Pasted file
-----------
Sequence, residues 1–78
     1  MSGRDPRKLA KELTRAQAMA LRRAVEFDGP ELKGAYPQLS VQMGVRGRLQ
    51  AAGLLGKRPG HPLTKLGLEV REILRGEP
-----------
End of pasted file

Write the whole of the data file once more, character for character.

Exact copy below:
Sequence, residues 1–78
     1  MSGRDPRKLA KELTRAQAMA LRRAVEFDGP ELKGAYPQLS VQMGVRGRLQ
    51  AAGLLGKRPG HPLTKLGLEV REILRGEP